With the Canadiens clinging to a 1-0 lead in the second period despite carrying much of the play to that point, Beaulieu grabbed a loose puck off a blocked shot by defense partner Mike Weaver. This was his first playoff game as a professional hockey player, his first game of any kind since April 19, and Beaulieu made a play that a seasoned veteran might not have considered.

When Beaulieu looked up he saw forward Max Pacioretty racing up ice, so he lofted a pass into the neutral zone, hoping it would somehow bounce to his teammate.

That's exactly what happened when Loui Eriksson missed catching the puck before it bounced past Dougie Hamilton and into the Boston zone. Pacioretty beat Zdeno Chara to the loose puck and poked a shot through Rask's legs at 15:24 to give the Canadiens a 2-0 lead.

It was the breathing room the Canadiens needed, and they never looked back.

One might call that pass to Pacioretty a lucky bounce, but it never would have happened if Beaulieu hadn't attempted it.

Leafs Sign Viktor Loov

David Nonis, Senior Vice President and General Manager of the Toronto Maple Leafs, announced Wednesday that the hockey club has signed defenceman Viktor Loov (LEWV) to a three-year entry level contract.

Loov, 21, registered five goals, seven assists, 12 points, 20 penalty minutes and a plus-two (+2) rating in 42 games for MODO in 2013-14, his rookie season in the Swedish Hockey League. The 6-3, 190-pound defenceman also played two games in the playoffs for MODO.

A native of Sodertalje, Sweden, Loov was selected by the Maple Leafs in the 7th round, 209th overall, in the 2012 NHL Entry Draft.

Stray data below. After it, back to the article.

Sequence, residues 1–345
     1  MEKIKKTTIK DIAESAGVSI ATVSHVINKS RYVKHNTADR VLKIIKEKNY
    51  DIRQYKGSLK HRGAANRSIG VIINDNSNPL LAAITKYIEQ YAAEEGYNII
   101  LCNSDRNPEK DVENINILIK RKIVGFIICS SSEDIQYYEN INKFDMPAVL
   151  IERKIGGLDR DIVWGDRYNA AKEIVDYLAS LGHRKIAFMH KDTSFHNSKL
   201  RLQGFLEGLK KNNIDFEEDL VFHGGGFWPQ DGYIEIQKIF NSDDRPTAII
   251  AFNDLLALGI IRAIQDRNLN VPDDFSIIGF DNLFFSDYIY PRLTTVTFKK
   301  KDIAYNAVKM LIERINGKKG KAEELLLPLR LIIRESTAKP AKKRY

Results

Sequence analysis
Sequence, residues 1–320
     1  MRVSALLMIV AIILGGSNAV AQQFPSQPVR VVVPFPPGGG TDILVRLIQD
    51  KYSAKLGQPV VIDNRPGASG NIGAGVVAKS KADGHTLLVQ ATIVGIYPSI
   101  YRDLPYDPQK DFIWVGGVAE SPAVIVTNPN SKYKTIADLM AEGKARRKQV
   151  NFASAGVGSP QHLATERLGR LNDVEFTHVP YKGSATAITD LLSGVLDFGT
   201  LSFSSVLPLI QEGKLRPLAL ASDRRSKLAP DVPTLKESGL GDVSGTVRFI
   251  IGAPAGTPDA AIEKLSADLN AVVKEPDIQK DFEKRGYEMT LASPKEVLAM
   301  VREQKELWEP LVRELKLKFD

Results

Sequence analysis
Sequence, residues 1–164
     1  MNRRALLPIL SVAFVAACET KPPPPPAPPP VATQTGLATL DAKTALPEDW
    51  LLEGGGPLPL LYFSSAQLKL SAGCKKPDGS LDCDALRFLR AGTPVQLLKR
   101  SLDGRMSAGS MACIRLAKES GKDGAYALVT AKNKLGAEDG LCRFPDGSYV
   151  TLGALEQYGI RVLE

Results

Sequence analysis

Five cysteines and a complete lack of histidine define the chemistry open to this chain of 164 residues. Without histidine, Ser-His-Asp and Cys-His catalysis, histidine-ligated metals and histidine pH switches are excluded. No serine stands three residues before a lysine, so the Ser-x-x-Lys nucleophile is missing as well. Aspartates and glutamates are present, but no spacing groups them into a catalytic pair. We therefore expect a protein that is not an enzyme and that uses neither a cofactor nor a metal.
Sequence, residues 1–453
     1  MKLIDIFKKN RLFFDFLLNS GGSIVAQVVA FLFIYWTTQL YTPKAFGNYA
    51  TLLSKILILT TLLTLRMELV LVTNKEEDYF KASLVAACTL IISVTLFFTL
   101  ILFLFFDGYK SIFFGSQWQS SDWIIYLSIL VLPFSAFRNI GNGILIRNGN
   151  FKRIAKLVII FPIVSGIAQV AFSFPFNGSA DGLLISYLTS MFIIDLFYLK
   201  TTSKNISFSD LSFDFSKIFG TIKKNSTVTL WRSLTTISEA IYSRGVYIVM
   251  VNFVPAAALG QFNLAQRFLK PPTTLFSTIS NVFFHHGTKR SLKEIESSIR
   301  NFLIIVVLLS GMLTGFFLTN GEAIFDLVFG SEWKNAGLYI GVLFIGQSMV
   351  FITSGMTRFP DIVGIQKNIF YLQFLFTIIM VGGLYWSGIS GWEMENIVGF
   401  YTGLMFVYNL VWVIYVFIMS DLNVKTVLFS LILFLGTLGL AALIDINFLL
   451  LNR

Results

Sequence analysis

Lindback NHL 1st Star of the Week

Tampa Bay Lightning goaltender Anders Lindback, Anaheim Ducks goaltender John Gibson and Columbus Blue Jackets center Ryan Johansen have been named the NHL’s “Three Stars” for the week ending April 13.FIRST STAR – ANDERS LINDBACK, G, TAMPA BAY LIGHTNINGLindback posted a 3-0-0 record with a 0.67 goals-against
average, .975 save percentage and one shutout to help the Lightning (46-27-9, 101 points) earn four consecutive victories and clinch home-ice advantage in their first-round playoff series against the Montreal Canadiens. He stopped all 25 shots he faced in relief of Ben Bishop in a 3-0 win over the Toronto Maple Leafs April 8. Lindback then made 34 saves in a 4-2 victory over the Philadelphia Flyers April 10. He capped the week by recording 18 saves, and denying all three attempts he faced in the shootout, to pick up his third career shutout and first since Dec. 13, 2010, in a 1-0 triumph over the Washington Capitals April 13. The 25-year-old native of Gävle, Sweden, appeared in 23 games this season, compiling an 8-12-2 record with a 2.90 goals-against average and .891 save

Greiss Earns Shutout

Coyotes backup goalie Thomas Greiss stopped all 30-shots that came his way and Phoenix defenseman Oliver Ekman-Larsson scored a pair of goals in a 3-0 win over the Kings.